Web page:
The focal point is lead singer and fiddle played Ketch Secor. There is a bit of a Grateful Dead quality to the songs of OCMS, though they don't really fall into jam band territory. Rarely during their two sets (not exactly sure why they needed to split the show) did the band jam on and on and on. In fact, a good number of songs were on the short side. They mixed it up topically between humorous and far more serious matters, such as war.
It was this combination of sounds and themes and no one really being a stage hog that kept the show moving in the right direction. Secor is a solid vocalist as is acoustic guitarist/Dobro man Gill Landry. Less successful is acoustic guitarist Willie Watson. He's of limited range, but when he stays within that range, he's fine.
The new songs stand up well with Alabama High-Test the second song of the night. About half a dozen new songs followed, and the crowd didn't seem to mind one bit, standing for a good chunk of the show. It helps to keep it lively through Secor's often fiery fiddle playing.
Secor certainly knew the Boston landscape as he rattled off a number of local sites and cities to engage the crowd. And give the guy credit, he did not even mention the Boston Red Sox in a pandering sense once, an often tried-and-true cheap method of bands passing through Beantown to falsely ingratiate themselves with the crowd. He, in fact, mentioned the hated New York Yankees in one song. What he did do was introduce the band members as Red Sox of the past, and one wondered if the mainly youthful crowd even knew of the players he was talking about.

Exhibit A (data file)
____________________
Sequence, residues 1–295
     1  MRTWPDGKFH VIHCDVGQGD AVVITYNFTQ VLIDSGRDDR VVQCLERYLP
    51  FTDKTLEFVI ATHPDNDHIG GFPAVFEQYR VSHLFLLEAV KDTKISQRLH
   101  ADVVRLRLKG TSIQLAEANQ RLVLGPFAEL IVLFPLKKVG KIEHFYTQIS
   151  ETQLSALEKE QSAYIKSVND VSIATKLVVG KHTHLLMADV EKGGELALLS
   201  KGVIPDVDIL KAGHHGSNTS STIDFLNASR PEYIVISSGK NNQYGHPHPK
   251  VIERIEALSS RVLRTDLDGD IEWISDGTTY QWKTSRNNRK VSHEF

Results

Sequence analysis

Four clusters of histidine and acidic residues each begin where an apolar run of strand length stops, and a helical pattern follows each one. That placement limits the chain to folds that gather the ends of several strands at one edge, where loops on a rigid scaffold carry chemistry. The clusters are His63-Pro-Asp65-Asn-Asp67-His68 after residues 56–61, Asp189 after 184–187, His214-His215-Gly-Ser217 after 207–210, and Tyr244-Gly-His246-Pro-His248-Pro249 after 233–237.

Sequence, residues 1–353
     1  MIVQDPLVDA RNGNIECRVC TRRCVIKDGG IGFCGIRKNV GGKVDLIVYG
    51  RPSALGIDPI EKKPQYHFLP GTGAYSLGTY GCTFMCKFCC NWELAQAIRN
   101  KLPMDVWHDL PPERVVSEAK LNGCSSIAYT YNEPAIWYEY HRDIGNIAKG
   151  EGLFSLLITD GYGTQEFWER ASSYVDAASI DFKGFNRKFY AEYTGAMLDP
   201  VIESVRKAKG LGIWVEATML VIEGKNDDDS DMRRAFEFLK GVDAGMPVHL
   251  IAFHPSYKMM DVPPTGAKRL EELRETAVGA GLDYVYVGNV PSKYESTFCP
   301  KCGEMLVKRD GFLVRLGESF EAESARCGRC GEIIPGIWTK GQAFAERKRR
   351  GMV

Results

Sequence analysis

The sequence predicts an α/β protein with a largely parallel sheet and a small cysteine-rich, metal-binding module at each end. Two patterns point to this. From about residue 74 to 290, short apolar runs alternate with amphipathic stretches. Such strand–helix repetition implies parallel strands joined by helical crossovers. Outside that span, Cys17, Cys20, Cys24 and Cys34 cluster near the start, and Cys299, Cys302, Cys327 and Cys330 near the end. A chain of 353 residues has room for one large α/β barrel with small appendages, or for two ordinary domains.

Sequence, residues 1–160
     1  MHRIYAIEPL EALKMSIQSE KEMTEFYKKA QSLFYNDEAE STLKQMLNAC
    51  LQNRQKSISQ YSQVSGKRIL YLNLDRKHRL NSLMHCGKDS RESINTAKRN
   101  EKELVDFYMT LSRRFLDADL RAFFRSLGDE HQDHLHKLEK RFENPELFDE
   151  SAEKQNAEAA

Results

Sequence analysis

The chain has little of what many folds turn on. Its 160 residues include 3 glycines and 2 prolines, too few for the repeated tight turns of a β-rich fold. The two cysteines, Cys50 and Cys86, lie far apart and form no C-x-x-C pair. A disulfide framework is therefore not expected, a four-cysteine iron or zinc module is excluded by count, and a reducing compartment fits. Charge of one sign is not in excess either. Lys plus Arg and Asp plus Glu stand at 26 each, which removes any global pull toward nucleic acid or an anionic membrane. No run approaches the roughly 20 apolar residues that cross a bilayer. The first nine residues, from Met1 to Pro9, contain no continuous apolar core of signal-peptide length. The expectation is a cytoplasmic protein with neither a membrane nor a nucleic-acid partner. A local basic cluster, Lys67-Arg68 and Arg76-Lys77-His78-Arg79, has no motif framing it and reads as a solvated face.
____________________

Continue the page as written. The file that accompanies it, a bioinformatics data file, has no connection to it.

Whether OCMS deserves the high level of enthusiasm by the crowd is unclear as they're not so unique in what they do, but nor should OCMS bother questioning the support they have from fans and over think it. All they need to do is bring the energy, mix it up among the vocalists and styles, and they're on their way.
Justin Townes Earle continued his heavy touring schedule, turning in an extremely well-received opening set. Earle, who released one album on Bloodshot earlier this year and has proven to be a road warrior, performed as a duo with harp man Cory Younts, who added a tremendous amount of spice to the song played during the 35-minute set.
Earle sings well enough and alters his style sufficiently to keep it interesting. It's hard to say at this juncture that the apple doesn't fall far from the tree, but Earle certainly possesses a lot of talent.